Letters to the Editor

by admin on July 14th, 2018

filed under 苏州美甲美睫培训学校

TIMES ARE CHANGING: Northern Tablelands MP Adam Marshall is pushing for a quicker end to daylight saving.Daylight savingsAt least, the month of April 2017will end daylight saving and time will be back to a bit of sanity.

Originally, this was to be a month each end as explained and understoodto theburdens ofdaylight savingby MPsAdam Marshall Armidale, Kevin Anderson TamworthandKevin Humphries, Inverell.

MrMarshall added that these were not trivial situationsbut Liberal member for Kiama Gareth Ward had no care or understanding, just the worn-out jibe and on record “curtains will not fade” and “cows cannot tell the time”.

Of course cows cannot tell the time – as the farmer at ThePocket, west of Billinudgel, told of thetroubles he had of milking his guernsey cows inearly morning hours!DST theclock forward, head to the bales but instead of the cows ready waiting at the bales for milking, they were still asleep way down the paddocks!

So, still dark and whether rain, hail, mud, he had to go fetch them every time!To try and wake them and get them movingin that early morning,was darn near impossible!Inthe afternoon – in the heat of the afternoon in’new’ time!

Circadian rhythm and health is always ignored. Why? From: Russell Foster Prof of Circadian neuroscience, University of Oxford: The physiology, metabolism and behaviour of organisms, including us, are aligned to this daily cycle through internal clocks. During sleep, many essential activities occur including cell repair, toxin clearance, memory consolidation and information processing by the brain.

“With more darkness in the mornings duringDST months, sleep patterns are delayed, which means teenagers and young adults tend to sleep later and go to bed later, building up a sleep debt”, Professor Leon Lackfrom Flinders University SAu., said.

Jillian Spring, BillinudgelSouth Australian blackoutI notice that our member of parliament Barnaby Joyce has been weighing into the cause of the South Australian blackout of all things.Mr Joyce blamed South Australia’s rush to renewables for the blackout when all the experts said it was a transmission system failure. Socompletely wrong Mr Joyce.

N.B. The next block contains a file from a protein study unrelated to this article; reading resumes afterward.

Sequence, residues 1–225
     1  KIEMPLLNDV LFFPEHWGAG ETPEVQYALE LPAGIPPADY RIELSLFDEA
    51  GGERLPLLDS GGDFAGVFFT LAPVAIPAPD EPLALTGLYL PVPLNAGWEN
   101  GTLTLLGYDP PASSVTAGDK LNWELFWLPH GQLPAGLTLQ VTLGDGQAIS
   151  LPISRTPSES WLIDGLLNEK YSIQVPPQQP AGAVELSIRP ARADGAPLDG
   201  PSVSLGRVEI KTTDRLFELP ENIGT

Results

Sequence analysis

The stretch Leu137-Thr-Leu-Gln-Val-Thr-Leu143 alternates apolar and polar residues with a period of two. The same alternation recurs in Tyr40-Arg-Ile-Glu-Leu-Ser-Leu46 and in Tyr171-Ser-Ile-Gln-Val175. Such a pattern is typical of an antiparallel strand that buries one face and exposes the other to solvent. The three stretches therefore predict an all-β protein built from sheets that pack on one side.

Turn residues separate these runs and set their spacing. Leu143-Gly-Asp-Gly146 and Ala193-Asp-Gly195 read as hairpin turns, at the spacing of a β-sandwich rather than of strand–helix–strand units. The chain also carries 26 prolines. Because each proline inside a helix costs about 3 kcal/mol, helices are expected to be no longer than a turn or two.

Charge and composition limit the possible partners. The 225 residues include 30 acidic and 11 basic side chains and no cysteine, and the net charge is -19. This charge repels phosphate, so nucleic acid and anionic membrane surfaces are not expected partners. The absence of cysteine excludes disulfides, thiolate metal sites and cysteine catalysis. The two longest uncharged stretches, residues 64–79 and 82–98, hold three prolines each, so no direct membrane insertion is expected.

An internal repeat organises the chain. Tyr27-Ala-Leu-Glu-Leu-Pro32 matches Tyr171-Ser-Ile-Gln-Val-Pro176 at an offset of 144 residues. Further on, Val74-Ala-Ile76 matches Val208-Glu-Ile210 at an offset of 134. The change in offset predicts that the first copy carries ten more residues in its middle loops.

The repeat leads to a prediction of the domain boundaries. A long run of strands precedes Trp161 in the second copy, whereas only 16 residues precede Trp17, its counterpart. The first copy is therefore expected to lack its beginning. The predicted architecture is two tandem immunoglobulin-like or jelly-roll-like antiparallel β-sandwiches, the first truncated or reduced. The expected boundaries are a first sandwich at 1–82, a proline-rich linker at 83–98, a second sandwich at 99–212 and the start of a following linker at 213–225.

The blackout was caused by savage storms with high winds that resulted in 80,000 lightning strikes, including a direct hit on a power station, and brought down 22 transmission poles.

So it had nothing with renewable energy, it was the weather.

It exposes Mr Joyce for what he is, a person who will use a crisis for his own agenda because he doesn’t like renewable energy.

The worrying thing is that with climate change there are going to be a lot more weather events like this and it means that we are simply not prepared.

So Barnaby the problem isn’t renewable energy, it’s coal.

Reliance on coal for electricity generation is fuelling climate change and that means more storms, like the one in South Australia, are going to become regular events as the planet continuous to warm.

Dr Robin Gunning,North TamworthNational Stroke WeekOn behalf oftheStroke Foundation I would liketothankthethousands of Australians who helped us educatethecommunity abouttheimportance of knowingthesigns of stroke this National Stroke Week.

With Stroke Week now wrapped up for 2016, it is vital we remember strokes don’t just happen one week oftheyear. Every ten minutes an Australian has a stroke.

Stroke is largely preventable, but we know that almost 50,000 new and recurring strokes will happen this year.It will takethecombined efforts ofthecommunity, health professionals and governmentstoachieve this mission. I know together we can prevent, treat and beat stroke.

Sharon McGowan,Chief Executive Officer,Stroke FoundationThis story Administrator ready to work first appeared on 苏州美甲美睫培训学校.

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